Growing Open Source Landscape Brings Increased Risks and Rewards
March 21, 2023

Taylor Armerding

Every individual and every organization depends on software — for work, shopping, banking, travel, entertainment, communication, household appliances — the list goes on. What users may not know is that most of that software is open source: components built by volunteers that make up freely accessible code that can be used to build software.

While open source code is freely accessible to use, it's not free of obligation. Users must comply with licensing provisions. The eighth edition of Synopsys' Open Source Security & Risk Analysis (OSSRA) Report analyzed more than 1,700 codebases and found a decrease in the percentage of licensing conflicts from 65% to 54% from 2020-2022. That improvement still means that more than half contained violations of license terms; those could lead to legal liability or requiring proprietary code in an application to be made public, as took place with Oracle several years ago.

That doesn't mean organizations shouldn't use open source — it's essentially the foundation for every application we rely on today.

Open source is overwhelmingly popular for good reasons. In addition to being free of cost, it can be modified to suit the needs of users. So it eliminates the need to "reinvent the wheel" by rewriting basic software building blocks from scratch. The creativity and originality comes from finding new and innovative combinations of those existing raw materials that empower software development to be faster, less expensive, and more efficient.

That said, you can't ignore the risks.

1. Open source patches and updates aren't "pushed" to users, but have to be "pulled." If an organization doesn't know it's using a vulnerable component, it won't know it needs to apply a patch, even if one is available. And that problem is rampant. This year's OSSRA reports that 91% of the codebases examined included outdated (i.e., unpatched) versions of open source components.

2. While many popular open source projects have hundreds of volunteers helping to maintain the code, millions of less popular projects have fewer than 10 people maintaining them. Some have been abandoned altogether. The 2023 OSSRA report found that 91% of the codebases analyzed included components with no development for two years. And 89% included components that were more than four years out of date.

3. Developers often don't vet open source components before incorporating them into a codebase, inviting additional risk. The latest OSSRA data identified open source in 96% of the codebases analyzed, and it comprised the majority — an average of 76% of the components making up the codebases. Also, the average number of open source components in a codebase was 595, up 13% from 528 the previous year. This means that virtually every organization relies on a highly complex open source software supply chain.

Among promising trends is that the 2023 OSSRA report found increased interest in open source risk management. Of those analyzed, 73% of organizations said they had significantly increased their efforts to secure open source software, container images, and third party software components as a result of recent software supply chain attacks.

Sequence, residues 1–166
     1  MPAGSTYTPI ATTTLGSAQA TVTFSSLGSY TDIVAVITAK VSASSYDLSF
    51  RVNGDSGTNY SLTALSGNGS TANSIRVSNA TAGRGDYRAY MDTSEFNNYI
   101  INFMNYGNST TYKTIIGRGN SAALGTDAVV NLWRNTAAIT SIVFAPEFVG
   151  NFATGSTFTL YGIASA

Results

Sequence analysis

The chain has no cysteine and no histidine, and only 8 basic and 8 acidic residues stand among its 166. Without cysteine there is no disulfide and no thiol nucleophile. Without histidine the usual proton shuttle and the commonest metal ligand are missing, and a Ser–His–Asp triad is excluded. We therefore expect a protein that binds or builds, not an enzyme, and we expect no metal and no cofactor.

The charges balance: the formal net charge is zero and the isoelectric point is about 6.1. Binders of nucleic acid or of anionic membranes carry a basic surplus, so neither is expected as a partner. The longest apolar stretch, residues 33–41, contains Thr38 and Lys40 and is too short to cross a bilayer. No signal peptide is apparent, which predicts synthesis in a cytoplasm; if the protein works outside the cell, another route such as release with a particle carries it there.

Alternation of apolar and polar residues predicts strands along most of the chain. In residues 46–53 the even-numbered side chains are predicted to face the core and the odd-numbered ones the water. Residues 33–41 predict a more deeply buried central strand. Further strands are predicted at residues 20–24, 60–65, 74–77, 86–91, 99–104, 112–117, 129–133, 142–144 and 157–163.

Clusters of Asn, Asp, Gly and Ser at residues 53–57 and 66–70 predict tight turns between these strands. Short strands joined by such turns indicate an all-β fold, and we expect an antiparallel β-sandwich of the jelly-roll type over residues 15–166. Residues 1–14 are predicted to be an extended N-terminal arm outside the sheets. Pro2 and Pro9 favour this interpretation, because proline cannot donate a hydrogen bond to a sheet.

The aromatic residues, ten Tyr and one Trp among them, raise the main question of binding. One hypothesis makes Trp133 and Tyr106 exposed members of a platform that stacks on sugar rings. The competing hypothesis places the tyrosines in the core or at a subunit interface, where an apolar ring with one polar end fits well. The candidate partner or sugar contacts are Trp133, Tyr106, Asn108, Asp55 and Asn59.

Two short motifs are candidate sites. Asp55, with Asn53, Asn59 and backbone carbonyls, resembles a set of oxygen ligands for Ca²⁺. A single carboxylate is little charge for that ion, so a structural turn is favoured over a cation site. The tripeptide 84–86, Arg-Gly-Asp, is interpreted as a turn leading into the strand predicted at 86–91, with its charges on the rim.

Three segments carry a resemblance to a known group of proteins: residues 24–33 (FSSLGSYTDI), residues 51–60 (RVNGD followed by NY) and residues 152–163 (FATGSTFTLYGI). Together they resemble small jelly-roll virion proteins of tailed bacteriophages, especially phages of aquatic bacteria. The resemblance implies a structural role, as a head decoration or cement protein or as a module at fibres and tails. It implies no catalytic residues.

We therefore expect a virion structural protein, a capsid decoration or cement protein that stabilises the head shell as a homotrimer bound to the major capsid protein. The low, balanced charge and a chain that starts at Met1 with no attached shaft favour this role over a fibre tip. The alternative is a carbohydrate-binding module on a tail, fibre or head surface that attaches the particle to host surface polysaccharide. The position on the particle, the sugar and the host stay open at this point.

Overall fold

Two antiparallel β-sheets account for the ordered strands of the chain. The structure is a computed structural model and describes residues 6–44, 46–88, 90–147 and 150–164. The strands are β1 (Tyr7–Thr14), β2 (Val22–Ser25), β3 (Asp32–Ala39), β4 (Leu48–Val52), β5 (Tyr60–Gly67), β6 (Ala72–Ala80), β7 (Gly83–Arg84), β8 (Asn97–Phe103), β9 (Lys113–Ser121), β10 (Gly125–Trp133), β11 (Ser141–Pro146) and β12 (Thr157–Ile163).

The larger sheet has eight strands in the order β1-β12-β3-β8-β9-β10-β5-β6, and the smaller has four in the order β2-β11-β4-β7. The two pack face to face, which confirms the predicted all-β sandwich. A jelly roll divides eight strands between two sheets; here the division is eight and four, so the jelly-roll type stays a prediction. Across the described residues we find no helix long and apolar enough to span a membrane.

But interest hasn't always yielded results. Nearly two years after President Biden's executive order on Improving the Nation's Cybersecurity (EO 14028), which called for improved software supply chain security, this year's OSSRA data showed that organizations are still struggling with supply chain basics — understanding the breadth of their software supply chain, establishing visibility into the software they depend on, and satisfying growing transparency pressures for the software they distribute and sell.

There are effective ways to improve the security of the open source supply chain. To help you know and track what you're using, an automated software composition analysis (SCA) tool can identify open source components in your software supply chain and tell you of known vulnerabilities in any of them. A robust SCA tool will also help to create a software Bill of Materials (SBOM), a detailed inventory of every component in a codebase, including information on each of those components: Who made it, when, who is maintaining it (or not), what version you're using, if it has any licensing restrictions, and if it has any known vulnerabilities.

As we look to the future of open source coding it's clear that the use of open source will continue to grow at a pace never before seen. Which is why it's critical to understand the building blocks of your software so that your organization isn't infusing vulnerable code into it, and similarly, to ensure the components remain up-to-date and compliant with applicable open source licenses. If you do that, open source will help make your business, not break it.

Taylor Armerding is Senior Security Strategist at Synopsys
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